The best defense: Anesthesiologist Dr. Stephen Punzak on the value of appropriate preop evaluations

The best defense is good offense. This popular football adage can also be appropriated to fit healthcare goals — namely the fact that better and more appropriate preoperative assessments lead to fewer complications and improved patient outcomes.

A study published in the Journal of Healthcare Risk Management recently found that less than adequate preoperative assessments resulted in more complications, and thereby, more malpractice cases. Researchers analyzed closed anesthesia medical malpractice claims reported to The Doctors Company, a medical malpractice insurance company. The study found that physician experts identified inadequate preoperative assessments in 15 percent of cases filed against anesthesia professionals, according to study co-author Darrell Ranum, JD, vice president of patient safety at The Doctors Company.

Here, Stephen Punzak, MD, founder and CEO of One Medical Passport, and a practicing anesthesiologist, discusses the importance of appropriate punzakpreoperative screening and the anesthesiologists' role in ensuring these assessments are carried out adequately.
 
Question: In what ways can comprehensive preoperative assessments help reduce anesthesia complications?

Dr. Stephen Punzak: I struggle with the word "comprehensive." To me, comprehensive means doing a very extensive work up on every single patient — regardless of the patient's health status or the planned surgery or procedure. I think a better term is "appropriate." An "appropriate" preoperative evaluation matches preoperative testing with the patient's health status and the planned surgery. To do this properly, you need to be able to get an accurate picture of the patient's health status well in advance of the planned surgery, so that any preoperative testing that is indicated has time to [be] ordered, completed and the results obtained and evaluated.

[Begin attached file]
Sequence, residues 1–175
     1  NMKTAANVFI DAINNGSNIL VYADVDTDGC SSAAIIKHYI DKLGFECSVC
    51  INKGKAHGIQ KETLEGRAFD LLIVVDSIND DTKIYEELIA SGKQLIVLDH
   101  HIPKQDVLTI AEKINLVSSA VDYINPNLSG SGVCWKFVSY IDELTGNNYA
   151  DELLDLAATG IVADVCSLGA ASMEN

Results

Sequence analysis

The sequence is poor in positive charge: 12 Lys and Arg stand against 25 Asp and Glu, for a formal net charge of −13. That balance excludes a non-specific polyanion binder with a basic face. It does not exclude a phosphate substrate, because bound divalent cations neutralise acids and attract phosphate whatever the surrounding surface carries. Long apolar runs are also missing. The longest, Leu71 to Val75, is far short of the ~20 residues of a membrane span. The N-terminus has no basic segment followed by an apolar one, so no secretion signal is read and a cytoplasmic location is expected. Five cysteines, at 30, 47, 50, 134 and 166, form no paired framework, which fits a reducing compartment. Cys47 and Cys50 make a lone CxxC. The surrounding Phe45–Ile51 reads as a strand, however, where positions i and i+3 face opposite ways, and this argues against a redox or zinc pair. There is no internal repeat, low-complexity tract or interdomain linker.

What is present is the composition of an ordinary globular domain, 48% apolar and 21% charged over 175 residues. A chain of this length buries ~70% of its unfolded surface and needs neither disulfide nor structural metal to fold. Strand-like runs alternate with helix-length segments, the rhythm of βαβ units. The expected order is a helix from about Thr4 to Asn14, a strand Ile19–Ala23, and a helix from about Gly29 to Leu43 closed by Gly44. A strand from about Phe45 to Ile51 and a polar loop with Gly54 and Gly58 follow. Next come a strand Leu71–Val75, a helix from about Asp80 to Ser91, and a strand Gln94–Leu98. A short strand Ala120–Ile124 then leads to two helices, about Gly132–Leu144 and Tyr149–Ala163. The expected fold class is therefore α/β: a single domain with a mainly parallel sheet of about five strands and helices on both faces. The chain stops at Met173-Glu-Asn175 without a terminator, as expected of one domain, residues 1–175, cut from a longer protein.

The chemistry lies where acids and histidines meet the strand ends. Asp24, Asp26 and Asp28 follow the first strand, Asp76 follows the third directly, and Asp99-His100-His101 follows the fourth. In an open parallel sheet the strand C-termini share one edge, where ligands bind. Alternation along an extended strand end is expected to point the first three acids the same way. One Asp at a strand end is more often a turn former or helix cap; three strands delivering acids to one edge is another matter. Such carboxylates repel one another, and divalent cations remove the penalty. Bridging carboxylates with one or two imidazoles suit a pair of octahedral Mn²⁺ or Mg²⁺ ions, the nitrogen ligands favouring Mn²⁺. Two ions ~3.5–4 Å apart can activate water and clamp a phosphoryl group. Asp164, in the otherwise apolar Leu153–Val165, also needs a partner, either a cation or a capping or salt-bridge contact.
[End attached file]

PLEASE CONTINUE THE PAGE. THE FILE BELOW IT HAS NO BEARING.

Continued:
When I was a staff anesthesiologist during the 1990s at the New England Deaconess Hospital, I would ask anesthesia residents who suggested that an additional preoperative test needed to be ordered, "What is it going to change in your management of this patient?" It wasn't always a rhetorical question. The knife's edge on which all preoperative testing is cut should be: "What is it going to change in the management of this patient?"

Q: What are some of the most common preoperative assessments that anesthesiologists tend to ignore that could lead to complications later?

SP: The assessment I like the best is also one of the simplest to obtain and costs nothing. I ask: "What can you do for exercise? Can you climb a flight of stairs without getting short of breath? Can you walk a block?" This gives you functional information that is oftentimes more valuable than an EKG, pulmonary function tests or a chest X-ray. In addition, if you are lucky enough to work in a facility where the patient has had previous medical care, see what information you can find on the computer.  

Above all else, look for a cardiac ECHO. For a patient with significant medical problems, knowing the information that an ECHO gives you — the ejection fraction (how well the heart pumps) and whether the heart valves are normal or not — is worth its weight in gold.

Q: What can anesthesiologists do to ensure that comprehensive preop assessments are carried out? Are there best practices you recommend that they follow?